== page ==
At the height of the Cold War, paranoia swept across America, and everyone was a potential Russian spy. One set of brothers, in particular, were learning that their parents, Julius and Ethel Rosenberg, really were spying for the Russians. Or at least that’s what the FBI and newspapers told them. It wouldn’t be until years later that one of them, Robert, would start speaking out about his parents’ involvement.
The Arrest and Execution
Robert Meeropol and his older brother Michael were just 3 and 7 when they were caught up in the accusations and trials of their parents, the most infamous spy couple still to this day. Accused of 11 counts of atomic espionage, the Rosenbergs were eventually executed by electric chair in 1953.
The brothers were left orphaned, and no one wanted them, including family. To put it in perspective, Robert claims that those times were like being Osama bin Laden’s kids today.
The brothers were finally adopted, however, by Abel and Anne Meeropol.
Release of Secret Documents
Robert went on to earn degrees in anthropology and law. Michael became a professor. Even while going on with their lives, the circumstances surrounding their parents’ arrest and execution continued to bother them.
As Robert tells it, the brothers always had concerns over whether their parents were actually guilty. They wanted to know for sure. So, in the1970s, they decided to sue the CIA and FBI in order to obtain 300,000 secret documents relating to their parents’ case.
Hoping for a clear answer, the brothers reviewed the documents only to find that it wasn’t that simple.
The documents did show, however, that their father, Julius Rosenberg, was a Soviet spy living in New York. He was a recruiter of other Soviet spies, with a goal of stealing information directly related to American military technology. But, according to Robert, the information they stole wasn’t of the vital kind. Therefore, the death penalty wasn’t warranted.
What about Ethel Rosenberg?
Robert and Michael believe Ethel may have known only small details about her husband’s activities. It had been her brother, David Greenglass, an atomic spy himself, who claimed that Ethel typed up notes for her husband. This is what sealed her doomed fate. Years later, Greenglass would take back those claims about his sister, but by then, it was too late.
A Son Speaks Out
Robert began to give interviews and speak out, determined to show the importance of the Rosenberg case.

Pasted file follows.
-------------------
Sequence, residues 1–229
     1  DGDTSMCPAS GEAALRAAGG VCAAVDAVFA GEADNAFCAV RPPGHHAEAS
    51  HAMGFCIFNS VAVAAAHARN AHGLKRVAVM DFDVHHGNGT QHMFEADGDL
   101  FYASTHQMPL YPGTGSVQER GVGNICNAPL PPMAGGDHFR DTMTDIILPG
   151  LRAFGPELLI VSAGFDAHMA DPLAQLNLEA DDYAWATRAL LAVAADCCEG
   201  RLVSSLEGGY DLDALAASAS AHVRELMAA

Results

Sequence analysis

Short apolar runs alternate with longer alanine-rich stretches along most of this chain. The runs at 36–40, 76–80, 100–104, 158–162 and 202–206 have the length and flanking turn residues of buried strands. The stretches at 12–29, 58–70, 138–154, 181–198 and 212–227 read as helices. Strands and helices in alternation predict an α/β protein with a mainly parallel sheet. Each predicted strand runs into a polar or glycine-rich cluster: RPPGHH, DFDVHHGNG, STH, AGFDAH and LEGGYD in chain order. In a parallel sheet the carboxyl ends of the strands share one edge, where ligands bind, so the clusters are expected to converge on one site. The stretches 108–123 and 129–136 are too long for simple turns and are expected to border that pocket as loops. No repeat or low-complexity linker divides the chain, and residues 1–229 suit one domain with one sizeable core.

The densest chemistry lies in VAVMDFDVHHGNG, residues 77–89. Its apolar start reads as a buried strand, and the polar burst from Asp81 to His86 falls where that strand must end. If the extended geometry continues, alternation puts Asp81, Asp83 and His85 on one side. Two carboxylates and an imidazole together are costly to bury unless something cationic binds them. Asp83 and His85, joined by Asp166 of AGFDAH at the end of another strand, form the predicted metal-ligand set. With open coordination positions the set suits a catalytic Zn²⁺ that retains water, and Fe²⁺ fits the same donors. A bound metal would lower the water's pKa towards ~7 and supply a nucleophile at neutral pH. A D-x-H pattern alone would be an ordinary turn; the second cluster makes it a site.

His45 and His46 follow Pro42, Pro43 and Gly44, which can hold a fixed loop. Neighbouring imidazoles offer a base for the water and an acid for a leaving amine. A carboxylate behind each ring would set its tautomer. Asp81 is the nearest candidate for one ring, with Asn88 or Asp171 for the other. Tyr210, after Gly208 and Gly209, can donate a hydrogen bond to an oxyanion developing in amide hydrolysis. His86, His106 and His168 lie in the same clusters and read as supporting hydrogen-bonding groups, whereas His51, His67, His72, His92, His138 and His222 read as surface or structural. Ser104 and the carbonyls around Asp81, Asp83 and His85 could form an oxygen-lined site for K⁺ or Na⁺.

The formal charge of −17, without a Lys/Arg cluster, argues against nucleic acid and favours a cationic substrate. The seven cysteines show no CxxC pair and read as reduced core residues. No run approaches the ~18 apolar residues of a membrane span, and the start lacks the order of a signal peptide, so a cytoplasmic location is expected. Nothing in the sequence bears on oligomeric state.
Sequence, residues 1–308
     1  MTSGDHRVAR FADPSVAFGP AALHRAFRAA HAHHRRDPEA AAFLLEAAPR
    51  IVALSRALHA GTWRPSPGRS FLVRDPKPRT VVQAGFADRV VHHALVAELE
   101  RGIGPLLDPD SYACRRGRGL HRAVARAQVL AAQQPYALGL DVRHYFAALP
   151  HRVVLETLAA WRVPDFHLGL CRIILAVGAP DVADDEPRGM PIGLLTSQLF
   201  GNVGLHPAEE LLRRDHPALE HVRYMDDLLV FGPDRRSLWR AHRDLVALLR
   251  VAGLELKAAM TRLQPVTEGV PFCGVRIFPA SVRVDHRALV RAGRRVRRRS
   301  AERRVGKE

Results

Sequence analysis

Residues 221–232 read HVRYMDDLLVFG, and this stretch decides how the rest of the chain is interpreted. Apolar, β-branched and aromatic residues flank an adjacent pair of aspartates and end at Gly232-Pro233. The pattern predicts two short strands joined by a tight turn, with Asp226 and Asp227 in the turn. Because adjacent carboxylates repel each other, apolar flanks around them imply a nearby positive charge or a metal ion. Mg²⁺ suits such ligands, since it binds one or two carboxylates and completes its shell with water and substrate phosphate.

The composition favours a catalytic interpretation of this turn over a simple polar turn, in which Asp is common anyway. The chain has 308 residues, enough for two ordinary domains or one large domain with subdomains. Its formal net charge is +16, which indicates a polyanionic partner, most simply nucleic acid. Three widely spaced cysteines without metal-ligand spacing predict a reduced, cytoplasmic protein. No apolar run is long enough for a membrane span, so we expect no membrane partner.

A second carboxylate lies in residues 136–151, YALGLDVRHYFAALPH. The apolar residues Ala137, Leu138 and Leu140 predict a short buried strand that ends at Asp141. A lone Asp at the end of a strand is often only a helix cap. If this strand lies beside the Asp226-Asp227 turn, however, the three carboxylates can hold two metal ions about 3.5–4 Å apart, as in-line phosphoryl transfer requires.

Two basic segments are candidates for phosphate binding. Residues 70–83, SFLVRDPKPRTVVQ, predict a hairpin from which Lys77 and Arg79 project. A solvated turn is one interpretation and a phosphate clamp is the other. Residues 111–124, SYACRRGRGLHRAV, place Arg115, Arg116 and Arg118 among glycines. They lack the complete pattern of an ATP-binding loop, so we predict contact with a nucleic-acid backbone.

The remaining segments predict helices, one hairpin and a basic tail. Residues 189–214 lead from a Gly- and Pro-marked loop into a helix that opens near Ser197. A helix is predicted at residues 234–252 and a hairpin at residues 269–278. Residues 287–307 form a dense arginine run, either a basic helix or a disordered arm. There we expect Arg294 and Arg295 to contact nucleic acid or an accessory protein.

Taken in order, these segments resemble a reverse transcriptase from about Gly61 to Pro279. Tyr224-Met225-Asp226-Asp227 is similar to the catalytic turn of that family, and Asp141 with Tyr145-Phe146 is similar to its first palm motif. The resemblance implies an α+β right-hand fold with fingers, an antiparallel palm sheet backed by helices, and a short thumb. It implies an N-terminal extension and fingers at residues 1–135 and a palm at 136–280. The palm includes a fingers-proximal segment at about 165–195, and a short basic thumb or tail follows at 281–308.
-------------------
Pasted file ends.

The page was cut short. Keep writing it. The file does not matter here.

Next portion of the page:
In an interview with the World Socialist Web Site back in 2013, Robert spoke out even more about the events of the time, during the Cold War, and how that affected his parents’ trials.
According to Robert, the Cold War hysteria, along with the political ploy to garner support for the Korean War, served as the backdrop. His parents, he says, refused to “contribute to the anti-communist hysteria” and therefore, would not give in and admit guilt. And for that, they paid the ultimate sacrifice.
In describing how his parents could have come to this point, Robert claimed that his parents saw the poverty and oppression in the Lower East Side of New York. They saw how this led the young people to join the Communist party. At the same time, the Soviet Union was portraying itself as a working-class defender. These all made big impressions on them and most likely pushed them into the activities that would eventually lead to their deaths.
Robert and his older brother Michael have spent their entire adult lives campaigning to expose the untold truths behind the Rosenberg case.
According to Robert, his parents’ legacy is about resistance. They refused to lie in order to avoid death. His father, he claims, may have been involved in assisting the Soviet Union, but not in atomic secrets or vital information as he was accused.
In 1990, Robert founded the Rosenberg Fund for Children to provide for the needs of children whose parents have been arrested, injured, and faced harassment for their political beliefs and activities. On a more personal level, he says he has set out to help the children who he sees as kindred spirits — children who have suffered due to attacks on their parents for their activism.
The brothers have continued their efforts to clear their mother’s name as well. They reached out to President Obama in 2015, and in 2017, a pardon for Ethel Rosenberg was requested by Senator Elizabeth Warren. With no success achieved yet, the brothers’ attempts continue.